by Patrick Bromley
Back in March of 2015, Olive Films released the 1987 Cannon adventure "classic" Allen Quatermaine and the Lost City of Gold on Blu-ray for the first time. It is the sequel to King Solomon's Mines, which was released in 1985 and is directed by Cannon staple J. Lee Thompson. For whatever reason, the HD releases of the two films were switched, which means two years later we're finally getting King Solomon's Mines on Blu-ray despite it being the first of the two films. A cause to celebrate? I mean, maybe, if you're as much of a Cannon completist as I am. The rest of you can probably go about your lives.
Based on the series of adventures created by H. Rider Haggard back in 1885 and previously adapated to the screen in 1950, King Solomon's Mines casts Richard Chamberlain as Haggard's heroic Allan Quatermain, adventurer extraordinaire hired by Jesse Huston (Sharon Stone) to find her father, who went missing while looking for the fabled King Solomon's mines. It turns out he has been captured by the German military and a fellow fortune hunter by the name of Dogati (John Rhys-Davies), who want Jesse's father to interpret a map leading to the mines.
Which is not to say there isn't fun to be had, particularly if you're a student of Cannon (and all '80s exploitation) like I am. There's a low-tech charm to the way Cannon strives for big-budget scale in some of their more ambitious efforts, a category in which I would include both King Solomon's Mines and its sequel. There are underground volcanoes and giant underwater monsters. There is an alligator pit and there is quicksand. There are armies and African tribes (which reminds me, this movie is really racist even by the standards of a 1985 adaptation of 1800s literature). Cannon was thinking big with their Quatermain films, which makes the sequences where they had to cut corners stand out all the more. There is a long -- and I mean loooong -- airplane escape that cuts between passably-shot stunt footage and some pretty terrible rear projection close-ups. I don't typically mind that sort of thing, as I enjoy the cheap handmade charm of those effects; the degree to which King Solomon's Mines relies on those shots and lingers on them calls to much attention to them and underscores just what an uninteresting action sequence it is. You can only get by trying to generate visceral excitement out of reaction shots for so long.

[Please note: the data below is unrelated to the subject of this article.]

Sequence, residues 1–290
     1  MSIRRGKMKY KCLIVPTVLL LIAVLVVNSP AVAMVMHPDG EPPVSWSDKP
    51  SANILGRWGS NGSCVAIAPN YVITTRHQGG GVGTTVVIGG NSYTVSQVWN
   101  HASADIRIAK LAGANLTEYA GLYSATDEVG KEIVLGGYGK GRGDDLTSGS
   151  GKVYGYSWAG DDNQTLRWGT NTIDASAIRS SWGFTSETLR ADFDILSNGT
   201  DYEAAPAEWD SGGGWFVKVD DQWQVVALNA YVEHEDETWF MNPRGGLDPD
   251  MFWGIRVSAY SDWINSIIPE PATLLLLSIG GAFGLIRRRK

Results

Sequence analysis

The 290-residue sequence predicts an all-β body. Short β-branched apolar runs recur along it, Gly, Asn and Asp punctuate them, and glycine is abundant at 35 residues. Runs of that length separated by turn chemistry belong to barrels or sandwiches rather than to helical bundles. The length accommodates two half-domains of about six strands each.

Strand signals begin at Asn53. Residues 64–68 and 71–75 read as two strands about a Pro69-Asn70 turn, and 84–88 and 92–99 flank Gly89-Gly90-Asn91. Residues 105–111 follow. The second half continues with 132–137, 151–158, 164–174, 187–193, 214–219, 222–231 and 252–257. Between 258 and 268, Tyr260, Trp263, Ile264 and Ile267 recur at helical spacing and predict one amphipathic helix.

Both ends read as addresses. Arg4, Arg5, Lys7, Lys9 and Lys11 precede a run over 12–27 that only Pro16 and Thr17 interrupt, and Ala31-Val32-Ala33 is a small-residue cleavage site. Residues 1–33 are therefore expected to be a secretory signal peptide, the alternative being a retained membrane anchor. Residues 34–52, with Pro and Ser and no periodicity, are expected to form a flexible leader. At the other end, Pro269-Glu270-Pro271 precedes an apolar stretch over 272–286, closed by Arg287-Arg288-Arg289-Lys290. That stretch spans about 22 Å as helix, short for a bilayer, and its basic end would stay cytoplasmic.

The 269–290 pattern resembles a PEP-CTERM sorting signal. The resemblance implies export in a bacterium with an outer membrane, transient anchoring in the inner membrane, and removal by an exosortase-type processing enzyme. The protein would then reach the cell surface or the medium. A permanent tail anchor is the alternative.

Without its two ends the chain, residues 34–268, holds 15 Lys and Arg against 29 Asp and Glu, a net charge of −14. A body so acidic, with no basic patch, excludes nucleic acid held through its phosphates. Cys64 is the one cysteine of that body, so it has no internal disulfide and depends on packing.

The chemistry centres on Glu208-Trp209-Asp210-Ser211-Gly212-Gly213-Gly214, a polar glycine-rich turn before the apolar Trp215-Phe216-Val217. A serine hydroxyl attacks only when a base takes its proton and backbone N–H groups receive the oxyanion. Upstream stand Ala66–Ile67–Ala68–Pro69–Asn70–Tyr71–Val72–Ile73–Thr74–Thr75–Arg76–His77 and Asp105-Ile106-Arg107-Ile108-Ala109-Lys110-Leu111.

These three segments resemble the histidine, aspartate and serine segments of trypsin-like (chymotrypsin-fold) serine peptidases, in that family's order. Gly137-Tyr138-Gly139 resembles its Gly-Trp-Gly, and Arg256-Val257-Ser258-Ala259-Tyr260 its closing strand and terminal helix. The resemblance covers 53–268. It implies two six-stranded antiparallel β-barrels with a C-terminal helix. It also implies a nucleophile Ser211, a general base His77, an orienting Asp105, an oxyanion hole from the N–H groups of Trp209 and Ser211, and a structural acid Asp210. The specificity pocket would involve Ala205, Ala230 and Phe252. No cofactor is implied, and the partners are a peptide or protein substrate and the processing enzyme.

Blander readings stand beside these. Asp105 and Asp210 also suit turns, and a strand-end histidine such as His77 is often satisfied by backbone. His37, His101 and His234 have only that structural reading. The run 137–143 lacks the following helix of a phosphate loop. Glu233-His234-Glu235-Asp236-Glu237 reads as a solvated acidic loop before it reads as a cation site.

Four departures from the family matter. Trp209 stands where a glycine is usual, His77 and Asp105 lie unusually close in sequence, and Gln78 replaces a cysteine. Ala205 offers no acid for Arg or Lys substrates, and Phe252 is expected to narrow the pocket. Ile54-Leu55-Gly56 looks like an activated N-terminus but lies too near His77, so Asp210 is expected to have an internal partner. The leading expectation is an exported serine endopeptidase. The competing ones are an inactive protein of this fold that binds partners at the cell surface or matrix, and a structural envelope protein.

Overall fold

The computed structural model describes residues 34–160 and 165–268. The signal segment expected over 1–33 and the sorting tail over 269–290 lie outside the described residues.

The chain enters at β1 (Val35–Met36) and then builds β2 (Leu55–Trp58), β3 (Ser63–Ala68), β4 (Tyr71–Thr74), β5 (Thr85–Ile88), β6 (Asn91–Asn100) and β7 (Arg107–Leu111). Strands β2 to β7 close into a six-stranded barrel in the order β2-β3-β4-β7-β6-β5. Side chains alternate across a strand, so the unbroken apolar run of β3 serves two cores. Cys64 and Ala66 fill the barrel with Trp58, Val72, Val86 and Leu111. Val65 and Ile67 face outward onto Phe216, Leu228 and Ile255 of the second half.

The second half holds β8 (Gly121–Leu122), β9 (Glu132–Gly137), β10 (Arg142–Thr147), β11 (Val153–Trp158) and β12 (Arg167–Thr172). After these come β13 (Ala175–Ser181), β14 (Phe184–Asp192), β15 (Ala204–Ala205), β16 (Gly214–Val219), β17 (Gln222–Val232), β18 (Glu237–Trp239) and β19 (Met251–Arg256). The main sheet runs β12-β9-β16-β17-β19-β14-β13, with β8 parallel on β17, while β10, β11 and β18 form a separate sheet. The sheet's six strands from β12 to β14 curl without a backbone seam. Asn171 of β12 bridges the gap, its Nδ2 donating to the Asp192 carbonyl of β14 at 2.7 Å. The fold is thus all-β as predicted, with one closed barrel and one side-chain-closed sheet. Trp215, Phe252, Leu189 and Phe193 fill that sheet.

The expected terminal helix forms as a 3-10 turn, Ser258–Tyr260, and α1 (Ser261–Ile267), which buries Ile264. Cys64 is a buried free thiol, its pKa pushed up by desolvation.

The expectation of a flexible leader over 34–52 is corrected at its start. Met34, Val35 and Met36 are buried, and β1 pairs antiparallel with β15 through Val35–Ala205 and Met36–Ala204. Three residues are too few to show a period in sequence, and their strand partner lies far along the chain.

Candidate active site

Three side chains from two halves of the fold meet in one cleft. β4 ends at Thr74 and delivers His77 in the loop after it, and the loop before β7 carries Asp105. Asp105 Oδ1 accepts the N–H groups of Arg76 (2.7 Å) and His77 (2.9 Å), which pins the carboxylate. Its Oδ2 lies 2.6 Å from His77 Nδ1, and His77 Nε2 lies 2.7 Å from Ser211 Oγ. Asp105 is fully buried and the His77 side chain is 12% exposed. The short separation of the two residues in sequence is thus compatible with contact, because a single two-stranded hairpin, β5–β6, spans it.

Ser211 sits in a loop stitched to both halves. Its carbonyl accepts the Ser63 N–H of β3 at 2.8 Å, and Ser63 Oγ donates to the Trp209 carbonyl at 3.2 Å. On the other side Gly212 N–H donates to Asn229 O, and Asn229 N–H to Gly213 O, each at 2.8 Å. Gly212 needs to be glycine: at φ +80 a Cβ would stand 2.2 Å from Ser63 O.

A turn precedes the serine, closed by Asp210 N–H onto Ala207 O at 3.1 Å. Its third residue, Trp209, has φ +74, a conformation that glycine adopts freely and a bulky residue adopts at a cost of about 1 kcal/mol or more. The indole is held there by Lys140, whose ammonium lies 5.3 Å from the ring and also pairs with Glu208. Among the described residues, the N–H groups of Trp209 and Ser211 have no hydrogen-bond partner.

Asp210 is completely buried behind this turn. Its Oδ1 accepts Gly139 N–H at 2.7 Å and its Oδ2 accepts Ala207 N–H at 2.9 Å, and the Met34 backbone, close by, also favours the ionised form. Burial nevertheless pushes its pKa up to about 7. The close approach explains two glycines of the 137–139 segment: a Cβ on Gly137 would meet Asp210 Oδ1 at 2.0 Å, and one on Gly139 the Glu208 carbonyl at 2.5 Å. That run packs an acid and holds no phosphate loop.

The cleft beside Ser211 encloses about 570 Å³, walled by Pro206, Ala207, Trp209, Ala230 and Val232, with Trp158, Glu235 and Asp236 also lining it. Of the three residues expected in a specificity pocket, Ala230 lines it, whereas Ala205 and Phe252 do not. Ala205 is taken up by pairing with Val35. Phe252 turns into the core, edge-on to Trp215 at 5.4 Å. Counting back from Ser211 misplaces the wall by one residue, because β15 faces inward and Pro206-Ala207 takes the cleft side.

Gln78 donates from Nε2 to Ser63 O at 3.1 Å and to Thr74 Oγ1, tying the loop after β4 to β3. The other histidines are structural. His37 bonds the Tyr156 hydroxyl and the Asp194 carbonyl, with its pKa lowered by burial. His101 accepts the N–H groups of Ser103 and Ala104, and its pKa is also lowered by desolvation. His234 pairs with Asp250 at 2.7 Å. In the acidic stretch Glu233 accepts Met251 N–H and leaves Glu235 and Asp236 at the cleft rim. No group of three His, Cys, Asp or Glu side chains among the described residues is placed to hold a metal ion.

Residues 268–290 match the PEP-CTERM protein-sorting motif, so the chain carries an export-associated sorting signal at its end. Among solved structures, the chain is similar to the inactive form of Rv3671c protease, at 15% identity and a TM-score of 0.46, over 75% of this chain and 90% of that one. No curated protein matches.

The completist in me is thrilled to have King Solomon's Mines on Blu-ray, where it can now sit alongside Allan Quatermain and the Lost City of Gold and get dusted off whenever I feel like some cheap, dopey adventure. Sure, I usually feel like watching Raiders or Temple of Doom just like I usually feel like ordering pizza from one of the good places around us. But sometimes I feel like eating Pizza Hut, too. Days like that are what King Solomon's Mines are made for.
Blu-ray release date: February 21, 2017
DTS HD 2.0 Master Audio (English)
Subtitles: English (SDH)
Buy King Solomon's Mines from Olive Films here.